A research group from the Southwest Research Institute has discovered evidence that the surface of the dwarf planet Ceres is filled with carbon matter.
Using data from NASA’s Dawn spacecraft, the researchers concluded that the planet’s surface likely contains a concentration of carbon that is several times more than what is present in the most carbon-rich, primitive meteorites found on Earth.
“Ceres is like a chemical factory,” SwRI’s Simone Marchi, PhD, a principal scientist who was the lead author of the study, said in a statement. “Among inner solar system bodies, Ceres’ has a unique mineralogy, which appears to contain up to 20 percent carbon by mass in its near surface.
“Our analysis shows that carbon-rich compounds are intimately mixed with products of rock-water interactions, such as clays,” he added.
Astronomers believe that Ceres originated approximately 4.6 billion years ago at the dawn of our solar system. Along with the newly discovered carbon presence, previous data revealed that the planet includes the presence of water and other volatiles like ammonium derived from ammonia, suggesting that Ceres formed in a cold environment, possibly outside of the orbit of Jupiter.
One theory is that a shakeup in the orbits of larger planets pushed Ceres to its current home in the main asteroid belt between the orbits of Mars and Jupiter.
“With these findings, Ceres has gained a pivotal role in assessing the origin, evolution and distribution of organic species across the inner solar system,” Marchi said. “One has to wonder about how this world may have driven organic chemistry pathways, and how these processes may have affected the make-up of larger planets like the Earth.”
The team examined geophysical, compositional and collisional models of Ceres based on the new Dawn data and found that fluid processes have altered the planet’s partially differentiated interior.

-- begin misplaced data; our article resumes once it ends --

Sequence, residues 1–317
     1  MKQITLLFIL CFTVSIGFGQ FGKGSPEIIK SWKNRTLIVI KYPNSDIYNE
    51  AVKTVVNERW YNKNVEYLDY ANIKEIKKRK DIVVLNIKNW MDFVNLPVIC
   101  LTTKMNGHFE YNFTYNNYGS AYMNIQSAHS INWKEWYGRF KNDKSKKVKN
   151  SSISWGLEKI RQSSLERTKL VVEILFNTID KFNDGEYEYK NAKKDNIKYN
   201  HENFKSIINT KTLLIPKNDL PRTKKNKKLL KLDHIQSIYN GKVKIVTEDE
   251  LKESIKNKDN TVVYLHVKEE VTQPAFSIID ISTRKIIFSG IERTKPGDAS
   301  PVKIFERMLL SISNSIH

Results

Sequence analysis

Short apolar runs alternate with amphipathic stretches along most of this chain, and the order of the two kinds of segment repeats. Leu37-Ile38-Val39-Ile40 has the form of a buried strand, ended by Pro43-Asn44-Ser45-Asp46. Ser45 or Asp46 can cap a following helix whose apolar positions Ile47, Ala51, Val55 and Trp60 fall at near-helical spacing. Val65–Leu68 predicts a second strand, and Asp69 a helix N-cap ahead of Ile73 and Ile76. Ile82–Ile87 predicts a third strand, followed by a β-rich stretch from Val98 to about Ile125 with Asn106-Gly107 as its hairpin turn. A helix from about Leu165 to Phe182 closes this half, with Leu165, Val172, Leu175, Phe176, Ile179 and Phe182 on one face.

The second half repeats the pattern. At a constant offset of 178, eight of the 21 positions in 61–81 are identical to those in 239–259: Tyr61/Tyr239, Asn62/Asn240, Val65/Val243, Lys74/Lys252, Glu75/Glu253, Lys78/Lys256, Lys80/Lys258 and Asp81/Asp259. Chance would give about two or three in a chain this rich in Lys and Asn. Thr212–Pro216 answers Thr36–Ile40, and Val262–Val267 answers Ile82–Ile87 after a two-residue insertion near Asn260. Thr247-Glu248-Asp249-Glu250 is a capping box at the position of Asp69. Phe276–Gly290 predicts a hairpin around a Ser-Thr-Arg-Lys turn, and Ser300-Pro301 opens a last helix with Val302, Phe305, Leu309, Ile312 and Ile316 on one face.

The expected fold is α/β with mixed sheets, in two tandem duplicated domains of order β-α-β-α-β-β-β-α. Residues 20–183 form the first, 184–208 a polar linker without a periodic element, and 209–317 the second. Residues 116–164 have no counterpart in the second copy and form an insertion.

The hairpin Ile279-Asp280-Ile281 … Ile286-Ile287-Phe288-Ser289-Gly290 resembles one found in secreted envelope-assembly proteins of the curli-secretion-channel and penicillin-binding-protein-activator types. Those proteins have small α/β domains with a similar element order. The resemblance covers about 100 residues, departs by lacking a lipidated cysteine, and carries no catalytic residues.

Dawn’s Visible and Infrared Mapping Spectrometer has shown that the overall low albedo of Ceres surface is a combination of rock-water interaction products like phyllosilicates and carbonates and a significant amount of spectrally neutral darkening agents, such as magnetite.
However, Dawn’s Gamma Ray and Beutron Detector limits magnetite to only a few percent by mass. This means that an additional darkening agent—most likely amorphous carbon—must be present.
In addition, specific organic compounds were found near a 31-mile-wide impact crater named Ernutet, giving further support to the widespread presence of organic matter in Ceres’ shallow subsurface.
In the new study, the researchers found that 50-to-60 percent of Ceres’s upper crust could have a composition similar to primitive carbonaceous chondrite meteorites, which is compatible with contamination from infalling carbonaceous asteroids.
“Our results imply that either Ceres accreted ultra-carbon-rich materials or that carbon was concentrated in its crust,” Marchi said. “Both potential scenarios are important, because Ceres’s mineralogical composition indicates a global-scale event of rock-water alteration, which could provide conditions favorable to organic chemistry.”
The study was published in Nature Astronomy.